Ip Man (2008)
Yes, I have only just watched it. I'd somehow missed out on it two years ago, and seeing as its sequel is now that other highly-anticipated blockbuster movie that starts with "I" and ends with "Man 2", it's high time I gave it a watch and a review. Honestly, I am a stickler for always starting a series from the beginning, and twice before I have gone back and caught up on previous installments before reviewing the latest. (Although I don't always.) So yes, I have finally watched The Film Everybody Mispronounces As Eye Pee Man, in preparation for The Film Everybody Mispronounces As Eye Pee Man Too.
I liked it, but I liked the movie it could've been a lot more.
It is the 1930s, and the city of Foshan is renowned for its many kungfu schools. The greatest among them is the Wing Chun master Ip Man (Donnie Yen), renowned for his gentlemanly conduct as well as his superlative skills; it is he who is called upon to defend Foshan's honour when the northerner Jin (Fan Siu-wong) challenges and beats up every other kungfu master. But in 1937, the Sino-Japanese War breaks out, and Foshan becomes Japanese-occupied territory; Ip, and his wife Cheng (Xiong Dai-lin) and son Chun (Li Chak), suffer under their yoke along with every other Chinese. When General Miura (Hiroyuki Ikeuchi) sends translator/collaborator Li (Lam Ka-tung) to invite Chinese martial artists to matches against Japanese, Ip reluctantly takes part - and this brings him the unwanted attention of the Japanese authorities. Further complicating matters is Ip's friend Quan (Simon Yam), who runs a cotton mill, asking Ip to teach kungfu to his mill workers, which makes it even harder for him to lay low.
Once again, LoveHKFilm's review nails it - it's a good kungfu action flick, but it ain't that hot as a biopic. A good biopic offers insights into its subject, turning a dry historical figure into a three-dimensional character who did the things he did for reasons we can understand. The Ip Man of Ip Man is practically a Mary Sue; Foshan may have many kungfu masters, but Ip is universally revered as the best among them, even though he doesn't even have his own school. (You know why? Because according to Wing Chun tradition, a master takes only one student at a time. So when Ip breaks that tradition by training Quan's millworkers, it should be significant, dammit!) His duel with Jin is a humiliating smackdown in which he schools the northerner with a feather duster. And he's also the perfect Chinese gentleman, modest and humble to a fault - which is really just another flavour of Mary Sue-ism.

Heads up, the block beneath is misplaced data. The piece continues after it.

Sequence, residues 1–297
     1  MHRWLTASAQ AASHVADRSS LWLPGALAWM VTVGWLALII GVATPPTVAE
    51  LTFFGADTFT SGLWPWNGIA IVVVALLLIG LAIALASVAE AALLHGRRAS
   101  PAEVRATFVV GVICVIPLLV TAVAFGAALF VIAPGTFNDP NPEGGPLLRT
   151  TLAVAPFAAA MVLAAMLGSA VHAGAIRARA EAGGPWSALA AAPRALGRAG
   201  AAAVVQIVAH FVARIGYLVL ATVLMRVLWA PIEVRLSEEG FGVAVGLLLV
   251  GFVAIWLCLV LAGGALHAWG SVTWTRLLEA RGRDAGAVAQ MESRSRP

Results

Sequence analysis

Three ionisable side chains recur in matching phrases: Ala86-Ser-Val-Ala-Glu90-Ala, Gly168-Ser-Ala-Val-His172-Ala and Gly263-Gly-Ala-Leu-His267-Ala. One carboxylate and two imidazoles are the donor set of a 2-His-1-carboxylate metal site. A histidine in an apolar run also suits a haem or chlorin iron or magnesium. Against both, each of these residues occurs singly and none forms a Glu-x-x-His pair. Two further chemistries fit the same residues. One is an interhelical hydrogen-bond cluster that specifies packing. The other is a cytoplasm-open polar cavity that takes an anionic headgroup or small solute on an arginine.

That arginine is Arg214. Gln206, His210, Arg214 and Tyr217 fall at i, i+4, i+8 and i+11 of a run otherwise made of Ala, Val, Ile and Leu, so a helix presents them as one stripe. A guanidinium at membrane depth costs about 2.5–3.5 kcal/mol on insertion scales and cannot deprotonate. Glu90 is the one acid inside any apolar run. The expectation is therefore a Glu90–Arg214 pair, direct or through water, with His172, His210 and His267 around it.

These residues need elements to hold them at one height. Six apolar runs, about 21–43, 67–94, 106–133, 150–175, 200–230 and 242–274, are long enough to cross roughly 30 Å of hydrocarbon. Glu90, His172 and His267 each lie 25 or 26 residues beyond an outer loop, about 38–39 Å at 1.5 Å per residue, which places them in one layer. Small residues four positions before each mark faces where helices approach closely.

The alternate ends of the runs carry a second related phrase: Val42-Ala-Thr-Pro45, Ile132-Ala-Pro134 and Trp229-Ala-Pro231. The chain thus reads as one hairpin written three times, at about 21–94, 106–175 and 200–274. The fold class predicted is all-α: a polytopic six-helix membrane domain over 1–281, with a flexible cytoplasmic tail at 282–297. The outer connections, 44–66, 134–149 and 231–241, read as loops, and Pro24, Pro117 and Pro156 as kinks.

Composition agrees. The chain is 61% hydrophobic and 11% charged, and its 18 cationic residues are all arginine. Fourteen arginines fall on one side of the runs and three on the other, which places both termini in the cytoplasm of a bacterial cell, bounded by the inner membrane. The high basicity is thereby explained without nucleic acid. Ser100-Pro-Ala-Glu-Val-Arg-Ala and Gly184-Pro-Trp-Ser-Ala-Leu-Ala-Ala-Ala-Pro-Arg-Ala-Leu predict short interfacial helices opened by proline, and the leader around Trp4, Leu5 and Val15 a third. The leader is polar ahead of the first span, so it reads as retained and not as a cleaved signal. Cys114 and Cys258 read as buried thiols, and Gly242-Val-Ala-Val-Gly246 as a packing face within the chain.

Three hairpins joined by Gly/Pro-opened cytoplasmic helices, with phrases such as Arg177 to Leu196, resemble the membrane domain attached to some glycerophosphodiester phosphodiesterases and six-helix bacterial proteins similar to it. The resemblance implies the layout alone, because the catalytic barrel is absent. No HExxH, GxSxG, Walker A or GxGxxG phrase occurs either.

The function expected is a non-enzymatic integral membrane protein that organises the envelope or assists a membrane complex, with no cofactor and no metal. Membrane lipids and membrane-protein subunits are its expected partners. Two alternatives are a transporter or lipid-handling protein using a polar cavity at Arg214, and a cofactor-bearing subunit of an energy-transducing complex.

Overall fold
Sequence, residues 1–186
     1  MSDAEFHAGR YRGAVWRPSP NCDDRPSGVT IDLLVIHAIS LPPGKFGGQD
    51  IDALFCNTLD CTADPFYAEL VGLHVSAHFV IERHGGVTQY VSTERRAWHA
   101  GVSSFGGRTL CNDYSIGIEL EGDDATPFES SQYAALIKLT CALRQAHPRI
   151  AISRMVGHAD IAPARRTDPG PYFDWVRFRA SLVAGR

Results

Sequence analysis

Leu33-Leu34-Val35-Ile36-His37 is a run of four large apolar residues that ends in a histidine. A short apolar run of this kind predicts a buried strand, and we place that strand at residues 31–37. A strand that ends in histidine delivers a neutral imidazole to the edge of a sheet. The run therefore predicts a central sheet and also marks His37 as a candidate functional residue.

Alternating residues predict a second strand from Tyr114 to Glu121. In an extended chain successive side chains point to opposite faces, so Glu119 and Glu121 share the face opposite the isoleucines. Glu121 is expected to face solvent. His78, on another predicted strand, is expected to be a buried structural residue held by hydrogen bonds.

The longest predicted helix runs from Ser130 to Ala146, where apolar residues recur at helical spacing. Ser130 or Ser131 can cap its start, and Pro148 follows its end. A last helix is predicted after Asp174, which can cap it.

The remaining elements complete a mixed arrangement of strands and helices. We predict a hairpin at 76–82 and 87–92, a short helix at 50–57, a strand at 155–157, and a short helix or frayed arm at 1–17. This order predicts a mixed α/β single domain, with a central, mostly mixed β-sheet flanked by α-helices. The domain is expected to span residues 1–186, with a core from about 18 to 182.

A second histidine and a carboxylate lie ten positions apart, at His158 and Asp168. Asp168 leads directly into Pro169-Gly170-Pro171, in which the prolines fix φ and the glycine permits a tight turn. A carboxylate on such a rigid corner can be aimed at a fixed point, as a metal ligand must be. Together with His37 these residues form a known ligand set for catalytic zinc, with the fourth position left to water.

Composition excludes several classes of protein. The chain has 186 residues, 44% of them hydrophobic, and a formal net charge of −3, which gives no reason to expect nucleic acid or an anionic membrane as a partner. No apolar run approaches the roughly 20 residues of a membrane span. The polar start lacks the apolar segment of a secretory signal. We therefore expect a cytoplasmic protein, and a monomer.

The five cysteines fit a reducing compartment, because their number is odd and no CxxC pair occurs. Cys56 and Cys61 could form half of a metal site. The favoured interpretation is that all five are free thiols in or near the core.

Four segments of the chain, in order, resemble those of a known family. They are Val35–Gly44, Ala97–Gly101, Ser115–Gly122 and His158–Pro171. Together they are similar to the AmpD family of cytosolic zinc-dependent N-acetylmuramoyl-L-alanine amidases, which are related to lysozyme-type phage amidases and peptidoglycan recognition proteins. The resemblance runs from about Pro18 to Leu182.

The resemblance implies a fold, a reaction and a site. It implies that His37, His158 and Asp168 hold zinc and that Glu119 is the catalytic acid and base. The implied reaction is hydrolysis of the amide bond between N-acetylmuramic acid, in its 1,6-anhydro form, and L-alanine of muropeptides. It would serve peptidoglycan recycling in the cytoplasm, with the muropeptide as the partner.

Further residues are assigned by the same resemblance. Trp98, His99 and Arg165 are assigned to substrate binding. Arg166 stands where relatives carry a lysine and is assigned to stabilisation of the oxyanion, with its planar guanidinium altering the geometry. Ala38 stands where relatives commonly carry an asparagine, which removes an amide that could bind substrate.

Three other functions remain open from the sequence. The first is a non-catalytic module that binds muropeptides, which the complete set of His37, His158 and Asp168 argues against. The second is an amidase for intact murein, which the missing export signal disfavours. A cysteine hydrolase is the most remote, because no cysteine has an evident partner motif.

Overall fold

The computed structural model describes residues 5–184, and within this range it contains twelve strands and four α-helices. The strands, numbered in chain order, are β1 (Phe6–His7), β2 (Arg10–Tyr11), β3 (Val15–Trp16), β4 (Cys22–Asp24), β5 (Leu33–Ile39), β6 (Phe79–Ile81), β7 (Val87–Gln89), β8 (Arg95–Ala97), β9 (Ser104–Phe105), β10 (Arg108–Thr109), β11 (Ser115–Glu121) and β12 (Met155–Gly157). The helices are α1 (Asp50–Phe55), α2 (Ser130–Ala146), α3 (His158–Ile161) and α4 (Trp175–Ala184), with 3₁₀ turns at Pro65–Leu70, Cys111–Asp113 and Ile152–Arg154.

And then the Japanese invade Foshan - and suddenly, watching Ip struggle to maintain his dignity amidst abject poverty becomes compelling viewing. Here's something new to the typical Chinese-honour-vs.-Insert-Evil-Foreign-Nationality-Here movie - a depiction of what it's like to live, utterly defeated, under the Japanese occupation. Racial and cultural pride is no defence against an overwhelmingly superior enemy, nor does it feed your family when food is painfully scarce. Particularly interesting is its portrayal of Li the collaborator, who in another film - Bruce Lee's Fist of Fury comes to mind - would've been an egregiously evil traitor to his race, but here turns out to be a surprisingly decent fellow.